The official accounting had used more bland language. "SIGIR concluded that weaknesses in DoD's financial and management controls left it unable to properly account for and articulate the disposition of remaining DFI (Development Fund for Iraq) funds," a 2010 report said.
So the army couldn't find the money?...is that really a big surprise? I think you would be surprised at what gets lost in times of war. According to my buddy they used ridiculous amounts of resources to pick up destroyed trucks and equipment...just to account for it. While other things went missing, were later located, and then not returned. Go figure, it's the military, is anyone surprised?
Sounds like the Army kept a small slush fund from the 6.6 billion (217 million-ish) to pay for "stuff". I hope the buggers aren't bitching. We spent a ton of money to free those people and nation build. It would be like me complaining that a random person on the street that promised me 20$, never gave it to me.
Superior Discount Liquor had an unexpected and dramatic inventory
reduction earlier this year when a shelf running the length of the store
gave way, sending 6,810 bottles of wine and champagne hurtling to the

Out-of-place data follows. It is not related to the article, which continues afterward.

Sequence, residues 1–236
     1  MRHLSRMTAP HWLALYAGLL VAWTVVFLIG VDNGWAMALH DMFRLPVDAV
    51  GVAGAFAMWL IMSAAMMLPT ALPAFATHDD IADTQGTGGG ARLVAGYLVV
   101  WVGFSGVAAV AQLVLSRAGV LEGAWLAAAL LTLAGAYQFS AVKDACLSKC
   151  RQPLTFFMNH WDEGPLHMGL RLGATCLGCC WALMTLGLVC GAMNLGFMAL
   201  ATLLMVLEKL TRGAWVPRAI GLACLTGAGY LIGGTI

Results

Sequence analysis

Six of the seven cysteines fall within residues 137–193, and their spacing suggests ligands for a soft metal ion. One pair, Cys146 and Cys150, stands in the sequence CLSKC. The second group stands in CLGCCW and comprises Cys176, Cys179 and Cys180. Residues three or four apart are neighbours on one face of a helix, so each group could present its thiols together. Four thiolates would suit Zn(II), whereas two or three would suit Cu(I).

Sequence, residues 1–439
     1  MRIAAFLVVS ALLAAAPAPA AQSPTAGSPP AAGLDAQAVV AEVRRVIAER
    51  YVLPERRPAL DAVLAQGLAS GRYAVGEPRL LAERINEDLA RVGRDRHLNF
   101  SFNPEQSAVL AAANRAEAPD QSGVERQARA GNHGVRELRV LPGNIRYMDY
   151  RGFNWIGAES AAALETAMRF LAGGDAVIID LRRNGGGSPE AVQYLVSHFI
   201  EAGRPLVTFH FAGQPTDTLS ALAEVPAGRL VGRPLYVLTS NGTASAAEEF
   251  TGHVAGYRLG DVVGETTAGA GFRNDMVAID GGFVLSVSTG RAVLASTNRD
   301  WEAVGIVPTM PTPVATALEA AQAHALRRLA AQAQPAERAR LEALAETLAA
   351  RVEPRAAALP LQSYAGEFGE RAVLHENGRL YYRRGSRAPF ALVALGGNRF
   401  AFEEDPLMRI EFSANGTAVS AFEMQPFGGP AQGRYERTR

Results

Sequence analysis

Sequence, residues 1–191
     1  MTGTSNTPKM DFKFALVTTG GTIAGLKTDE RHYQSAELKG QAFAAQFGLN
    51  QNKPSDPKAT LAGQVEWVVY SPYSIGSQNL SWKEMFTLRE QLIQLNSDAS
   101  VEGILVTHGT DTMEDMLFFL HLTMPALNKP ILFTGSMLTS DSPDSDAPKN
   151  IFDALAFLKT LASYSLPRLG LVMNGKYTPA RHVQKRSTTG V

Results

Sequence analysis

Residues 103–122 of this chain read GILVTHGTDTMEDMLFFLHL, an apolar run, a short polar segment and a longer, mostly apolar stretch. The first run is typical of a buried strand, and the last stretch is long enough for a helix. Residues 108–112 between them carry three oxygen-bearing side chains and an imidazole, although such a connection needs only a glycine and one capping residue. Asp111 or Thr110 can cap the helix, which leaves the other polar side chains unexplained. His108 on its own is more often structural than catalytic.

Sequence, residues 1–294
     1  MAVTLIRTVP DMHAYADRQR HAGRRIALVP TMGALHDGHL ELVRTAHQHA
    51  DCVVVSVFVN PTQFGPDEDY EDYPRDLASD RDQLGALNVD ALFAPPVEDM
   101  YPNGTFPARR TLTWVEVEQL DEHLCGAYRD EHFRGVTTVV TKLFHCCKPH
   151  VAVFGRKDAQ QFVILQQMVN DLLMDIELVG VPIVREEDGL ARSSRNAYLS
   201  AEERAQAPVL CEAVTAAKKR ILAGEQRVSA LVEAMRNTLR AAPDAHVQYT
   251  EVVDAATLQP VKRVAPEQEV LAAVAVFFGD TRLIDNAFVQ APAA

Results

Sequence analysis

floor. The collapse flooded the store and sent two nearby workers
scurrying out of the way.
"I had something to say, but I don't remember what it was."
In an ironic twist, President Obama's Teleprompter had an unscripted moment when it was apparently stolen along with a stash of other audio equipment inside a truck awaiting the president's arrival in Virginia.
The Defense Information System Agency on Tuesday confirmed the theft of the truck, which was later recovered, but said no sensitive information was lost.
The truck was stolen in Henrico County outside Richmond. It was stationed there in advance of a presidential visit on Wednesday, while the president started his bus tour in North Carolina.
There must be some serious hard times in Virginia when government agency trucks used by the President to get reelected are stolen. I just imagine the guys who looked inside and figured out they just stole something from the President of the United States. I'll bet they stay in hiding for a few months.